Second, the new Pokemon. With all the changes made in this new Generation, Game Freak really had fun not only in designing them but also in making them very unique with special skills and themes. Though at the same time, the total amount of existing Pokemon was too big to put into the games, so when fans couldn’t find many of the familiar mons, they were rather distressed that they couldn’t catch some of their favorites in this new, prettier game.  Some even grew worried their beloved classic critters would be forgotten and less used in future games (which actually sparked the group we know as “Genwunners” today).

 

#306

Aggron

#307

Meditite

#308

Medicham

#309

Electrike

#310

Manectric

#311

Plusle

#312

Minun

#313

Volbeat

#314

Illumise

#315

Roselia

#316

Gulpin

#317

Swalot

#318

Carvanha

#319

Sharpedo

#320

Wailmer

#321

Wailord

#322

Numel

#323

Camerupt

#324

Torkoal

#325

Spoink

#326

Grumpig

#327

Spinda

#328

Trapinch

#329

Vibrava

#330

Flygon

#331

Cacnea

#332

Cacturne

 

And lastly, the features. The new region (and more importantly, new system) has meaty new features, some minor ones like leaving footsteps in the sand or having a reflection in the water, and some bigger ones, like the Pokemon Contests, Secret Bases or PokeNav.  But for some reason, the developers did not include the fan-favorite Day/Night cycle.

It’s said that was because they wanted this feature to be exclusive to Generation II, thus making it still relevant.  Yet understandably, all fans would rather see this particular one explored more in future games rather than abandoned in an older game.

Still, the games were very successful for a reason, despite certain flaws or mishaps.  What it did good, it did VERY good and is rightfully loved by the fanbase to this day.

 

#333

Swablu

#334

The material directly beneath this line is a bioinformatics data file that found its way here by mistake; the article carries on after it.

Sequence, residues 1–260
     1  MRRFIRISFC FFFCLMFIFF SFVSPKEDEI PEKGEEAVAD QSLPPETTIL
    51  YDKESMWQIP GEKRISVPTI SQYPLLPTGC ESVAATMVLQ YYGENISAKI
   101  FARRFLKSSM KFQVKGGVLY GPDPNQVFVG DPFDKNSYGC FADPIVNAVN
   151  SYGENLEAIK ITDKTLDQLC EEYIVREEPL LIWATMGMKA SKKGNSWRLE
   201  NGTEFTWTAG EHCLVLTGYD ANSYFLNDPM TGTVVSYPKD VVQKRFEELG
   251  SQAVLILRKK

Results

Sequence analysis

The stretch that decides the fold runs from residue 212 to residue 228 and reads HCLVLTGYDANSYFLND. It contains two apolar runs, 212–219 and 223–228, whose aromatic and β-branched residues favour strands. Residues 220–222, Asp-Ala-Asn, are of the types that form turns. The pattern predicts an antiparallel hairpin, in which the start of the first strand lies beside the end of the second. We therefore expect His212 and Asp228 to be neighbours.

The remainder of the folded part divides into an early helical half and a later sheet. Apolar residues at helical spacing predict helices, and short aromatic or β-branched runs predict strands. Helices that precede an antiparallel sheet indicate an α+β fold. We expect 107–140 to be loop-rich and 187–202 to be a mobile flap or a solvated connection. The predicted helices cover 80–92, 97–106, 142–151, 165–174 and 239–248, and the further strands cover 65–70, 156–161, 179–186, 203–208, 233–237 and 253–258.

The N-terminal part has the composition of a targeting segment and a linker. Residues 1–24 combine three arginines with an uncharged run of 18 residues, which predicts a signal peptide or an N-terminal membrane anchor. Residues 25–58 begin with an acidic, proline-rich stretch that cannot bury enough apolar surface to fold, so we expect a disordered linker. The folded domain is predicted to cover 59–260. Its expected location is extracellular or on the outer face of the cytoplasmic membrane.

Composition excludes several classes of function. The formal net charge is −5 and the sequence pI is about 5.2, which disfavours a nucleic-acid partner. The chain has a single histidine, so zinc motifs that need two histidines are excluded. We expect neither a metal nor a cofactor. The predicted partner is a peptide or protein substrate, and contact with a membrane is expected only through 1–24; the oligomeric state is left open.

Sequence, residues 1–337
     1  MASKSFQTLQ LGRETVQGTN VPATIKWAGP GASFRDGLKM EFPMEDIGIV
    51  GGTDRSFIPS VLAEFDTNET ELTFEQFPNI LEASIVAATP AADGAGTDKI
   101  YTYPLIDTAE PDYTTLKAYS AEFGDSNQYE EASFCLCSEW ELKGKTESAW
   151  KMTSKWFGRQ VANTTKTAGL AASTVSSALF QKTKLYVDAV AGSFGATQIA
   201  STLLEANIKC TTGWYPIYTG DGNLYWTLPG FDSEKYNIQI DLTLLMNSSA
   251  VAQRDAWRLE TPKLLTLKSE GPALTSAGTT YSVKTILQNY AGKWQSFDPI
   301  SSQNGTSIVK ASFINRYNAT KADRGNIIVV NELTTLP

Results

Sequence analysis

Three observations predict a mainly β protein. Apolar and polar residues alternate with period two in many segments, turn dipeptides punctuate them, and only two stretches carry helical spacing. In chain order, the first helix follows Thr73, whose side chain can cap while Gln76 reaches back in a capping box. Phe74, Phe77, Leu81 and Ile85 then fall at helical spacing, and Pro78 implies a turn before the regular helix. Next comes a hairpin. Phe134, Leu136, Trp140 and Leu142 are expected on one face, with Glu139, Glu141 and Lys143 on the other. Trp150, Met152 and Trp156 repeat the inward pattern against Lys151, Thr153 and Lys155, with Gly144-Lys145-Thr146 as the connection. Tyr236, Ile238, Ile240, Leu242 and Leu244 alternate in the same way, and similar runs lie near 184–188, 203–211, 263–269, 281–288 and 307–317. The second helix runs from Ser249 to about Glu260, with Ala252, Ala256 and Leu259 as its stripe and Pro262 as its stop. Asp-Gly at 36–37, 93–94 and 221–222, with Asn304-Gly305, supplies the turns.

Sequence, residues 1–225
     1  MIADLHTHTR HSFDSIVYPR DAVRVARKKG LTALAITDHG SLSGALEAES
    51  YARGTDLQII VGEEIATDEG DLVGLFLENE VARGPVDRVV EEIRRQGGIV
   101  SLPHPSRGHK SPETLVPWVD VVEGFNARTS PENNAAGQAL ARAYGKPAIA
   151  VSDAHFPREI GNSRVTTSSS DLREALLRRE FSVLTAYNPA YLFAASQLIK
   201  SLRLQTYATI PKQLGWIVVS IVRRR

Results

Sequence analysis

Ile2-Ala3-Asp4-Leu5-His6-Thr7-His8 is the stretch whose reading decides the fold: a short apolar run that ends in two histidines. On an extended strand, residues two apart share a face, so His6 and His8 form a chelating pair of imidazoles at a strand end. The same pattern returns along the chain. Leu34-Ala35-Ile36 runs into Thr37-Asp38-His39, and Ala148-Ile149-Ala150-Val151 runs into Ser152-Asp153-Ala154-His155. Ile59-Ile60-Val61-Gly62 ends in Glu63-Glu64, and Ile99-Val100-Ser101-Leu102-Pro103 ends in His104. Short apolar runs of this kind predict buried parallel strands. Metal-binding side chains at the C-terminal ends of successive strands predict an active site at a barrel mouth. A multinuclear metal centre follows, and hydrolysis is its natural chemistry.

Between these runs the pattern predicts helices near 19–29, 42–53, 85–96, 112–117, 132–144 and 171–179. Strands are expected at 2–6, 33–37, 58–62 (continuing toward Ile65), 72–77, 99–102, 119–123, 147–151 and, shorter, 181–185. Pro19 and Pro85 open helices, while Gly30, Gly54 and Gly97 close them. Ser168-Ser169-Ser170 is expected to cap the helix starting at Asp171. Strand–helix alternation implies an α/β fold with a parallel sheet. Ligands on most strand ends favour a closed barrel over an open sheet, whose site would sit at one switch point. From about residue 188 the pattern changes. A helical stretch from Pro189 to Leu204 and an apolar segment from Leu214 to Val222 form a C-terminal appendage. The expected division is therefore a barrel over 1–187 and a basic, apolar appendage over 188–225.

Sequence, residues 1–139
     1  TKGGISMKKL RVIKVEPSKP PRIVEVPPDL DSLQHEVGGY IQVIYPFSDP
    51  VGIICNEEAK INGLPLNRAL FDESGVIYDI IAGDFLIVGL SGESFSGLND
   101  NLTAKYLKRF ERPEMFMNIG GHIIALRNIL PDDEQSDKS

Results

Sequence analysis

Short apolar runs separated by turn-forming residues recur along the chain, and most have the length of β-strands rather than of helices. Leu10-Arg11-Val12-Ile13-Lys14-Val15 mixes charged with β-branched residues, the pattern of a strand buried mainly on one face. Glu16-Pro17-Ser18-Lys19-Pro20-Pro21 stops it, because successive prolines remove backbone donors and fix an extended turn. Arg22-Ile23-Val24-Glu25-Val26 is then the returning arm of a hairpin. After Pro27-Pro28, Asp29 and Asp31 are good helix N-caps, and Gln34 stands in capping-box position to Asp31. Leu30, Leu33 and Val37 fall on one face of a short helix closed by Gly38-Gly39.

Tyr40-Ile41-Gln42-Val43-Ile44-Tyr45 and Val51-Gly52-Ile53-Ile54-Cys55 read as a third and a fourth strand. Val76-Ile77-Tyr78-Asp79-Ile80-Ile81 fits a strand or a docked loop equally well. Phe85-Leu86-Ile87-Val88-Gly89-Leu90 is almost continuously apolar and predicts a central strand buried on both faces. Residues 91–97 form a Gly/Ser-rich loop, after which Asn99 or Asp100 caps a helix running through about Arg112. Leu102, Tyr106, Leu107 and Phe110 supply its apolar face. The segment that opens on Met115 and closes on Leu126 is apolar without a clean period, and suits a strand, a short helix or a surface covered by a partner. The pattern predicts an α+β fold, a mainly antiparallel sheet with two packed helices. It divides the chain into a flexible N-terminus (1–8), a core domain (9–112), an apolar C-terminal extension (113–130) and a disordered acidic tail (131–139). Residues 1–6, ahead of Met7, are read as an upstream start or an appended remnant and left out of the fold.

Altaria

#335

Zangoose

#336

Seviper

#337

Lunatone

#338

Solrock

#339

Barboach

#340

Whiscash

#341

Corphish

#342

Crawdaunt

#343

Baltoy

#344

Claydol

#345

Lileep

 #346

Cradily

#347

Anorith

#348

Armaldo

#349

Feebas

#350

Milotic

#351

Castform

#352

Kecleon

#353

Shuppet

#354

Banette

#355

Duskull

#356

Dusclops

#357

Tropius

#358

Chimecho

#359

Absol

#360

Wynaut

 #361

Snorunt

#362

Glalie

#363

Spheal

#364

Sealeo

#365

Walrein

#366

Clamperl

#367

Huntail

#368

Gorebyss

 

#369

Relicanth

#370

Luvdisc

#371

Bagon

 

#372

Shelgon

#373

Salamence

#374

Beldum

 

#375

Metang

 

#376

Metagross

#377

Regirock

 

#378

Regice

#379

Registeel

#380

Latias

#381

Latios

#382

Kyogre

 #383

Groudon

#384

Rayquaza

#385

Jirachi

#386

Deoxys

 
 
 

Some Trivia regarding our 3rd Pokemon Art Collaboration:

The first three Gen III Pokemon that were claimed for our art collaboration were:

Sceptile with Leaf Blade by Kiriko-Windgeist around 15 minutes
Seviper using Poison Tail by BlazeTBW 18 minutes 
Absol doing Night Slash by LukeTheRipper 20 minutes
…after the Blog post for our new project was online

The first three drawn and submitted Gen III Pokemon were:
Sceptile with Leaf Blade by Kiriko-Windgeist on the 1st January already
Pelipper using Hydro Pump by Yggdrassal  on the 1st January already as well
Delcatty using Water Pulse by AuroraLion on the 2nd January

The first Pokemon claimed by two artists was Spheal on the 1st January

Latias was the first Gen III Pokemon that goth both artworks drawn for this collaboration.

The 2nd illustration was done at the 14th January.

35 Artists joined the Gen III Tribute on the 1st January already, however it was difficult to get the last around 90 illustrations together.